Enhancing the feeling of safety in public environments
How can smart sensing technology be (re)designed to contribute to perceived safety in public spaces?
In collaboration with TU Delft we hired a graduate student to start a new project on responsible sensing to enhance the feeling of safety in public environments. The goal of this project is not to make products for the individual to employ to enhance their own safety, but to find design solutions for how cities can increase people's feeling of safety without putting the action and responsibility on the individual. The result? An innovative design for bullet and dome cameras you find in cities today.
Introducing BL0.0M: A redesign of the standard bullet and dome cameras
As part of his graduation project, Seb Hollman, a research student at the Faculty of Industrial Design Engineering at TU Delft (the AI Futures lab), redesigned the standard bullet and dome cameras in use today. The design not only contributes to people’s physical safety, but also their feeling of safety.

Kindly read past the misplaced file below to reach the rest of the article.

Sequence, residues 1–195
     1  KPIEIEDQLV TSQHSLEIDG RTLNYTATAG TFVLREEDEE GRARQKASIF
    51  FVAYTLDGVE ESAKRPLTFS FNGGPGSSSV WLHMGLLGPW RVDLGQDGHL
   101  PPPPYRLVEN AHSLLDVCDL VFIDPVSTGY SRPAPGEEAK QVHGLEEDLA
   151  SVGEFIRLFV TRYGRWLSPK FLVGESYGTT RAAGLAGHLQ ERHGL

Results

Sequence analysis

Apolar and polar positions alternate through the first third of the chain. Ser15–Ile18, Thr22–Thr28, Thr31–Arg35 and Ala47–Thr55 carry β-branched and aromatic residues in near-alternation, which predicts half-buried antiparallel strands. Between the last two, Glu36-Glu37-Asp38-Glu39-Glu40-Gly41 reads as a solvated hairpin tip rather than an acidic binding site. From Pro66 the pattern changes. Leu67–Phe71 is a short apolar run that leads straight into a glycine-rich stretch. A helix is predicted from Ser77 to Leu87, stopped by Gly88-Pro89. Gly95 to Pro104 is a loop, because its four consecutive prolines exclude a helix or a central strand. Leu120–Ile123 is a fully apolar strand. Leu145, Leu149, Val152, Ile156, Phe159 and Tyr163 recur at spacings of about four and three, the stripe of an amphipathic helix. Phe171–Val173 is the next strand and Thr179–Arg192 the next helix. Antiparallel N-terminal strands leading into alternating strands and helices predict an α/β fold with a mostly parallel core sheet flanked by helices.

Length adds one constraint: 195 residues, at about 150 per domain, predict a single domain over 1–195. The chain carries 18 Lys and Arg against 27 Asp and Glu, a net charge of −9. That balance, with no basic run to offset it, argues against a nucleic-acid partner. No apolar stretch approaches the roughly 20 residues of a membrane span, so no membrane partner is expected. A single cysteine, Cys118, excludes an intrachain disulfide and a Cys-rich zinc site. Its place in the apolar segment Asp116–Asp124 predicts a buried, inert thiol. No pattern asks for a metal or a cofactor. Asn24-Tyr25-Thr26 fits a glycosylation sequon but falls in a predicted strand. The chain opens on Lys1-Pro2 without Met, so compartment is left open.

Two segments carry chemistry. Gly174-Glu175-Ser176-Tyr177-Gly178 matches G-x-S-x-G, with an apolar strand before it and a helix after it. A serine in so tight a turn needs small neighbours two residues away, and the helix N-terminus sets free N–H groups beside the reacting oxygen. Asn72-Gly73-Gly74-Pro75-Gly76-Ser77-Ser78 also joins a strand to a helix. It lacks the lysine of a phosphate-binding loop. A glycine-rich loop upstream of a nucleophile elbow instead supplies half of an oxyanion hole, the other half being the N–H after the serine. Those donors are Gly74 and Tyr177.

'BL0.0M' stems from the realisation that camera sensors are actively a part of the public space; we watch over them as much as they watch over us. A two-way street of information and observation.
The design in short
In contrast to the rigidity of previous camera sensors, BL0.0M uses organic, flowing forms in its design, blending in with the nature in its vicinity.
Part of the environment
Upon activation of the camera sensor, BL0.0M lives up to its name; blooming open like a flower and communicating its functionality to passersby. When inactive, the petals physically close over the camera, blocking it from seeing anything when it’s not supposed to.
Petal and Camera modularity
BL0.0M also breaks away from the uniformity of conventional camera sensors; its petal modules can easily be swapped out for a different design, creating a new range of product expressions altogether. BL0.0Ms modularity even extends to its camera sensor module, accommodating both bullet- and dome camera models.
Curious about the design process? Seb's thesis ‘Enhancing Perceived Safety: A Transformation of the Visual Impact and Design Aesthetics of Camera Sensors in the Public Space’ is available below.
An interesting question for future research would be to how the design approach for BL0.0M could be used for other and newly developed sensor types, and whether such design could unintentionally and undesirably excuse and justify excessive use of camera sensors.”— Seb Hollman, MSc Graduate, TU Delft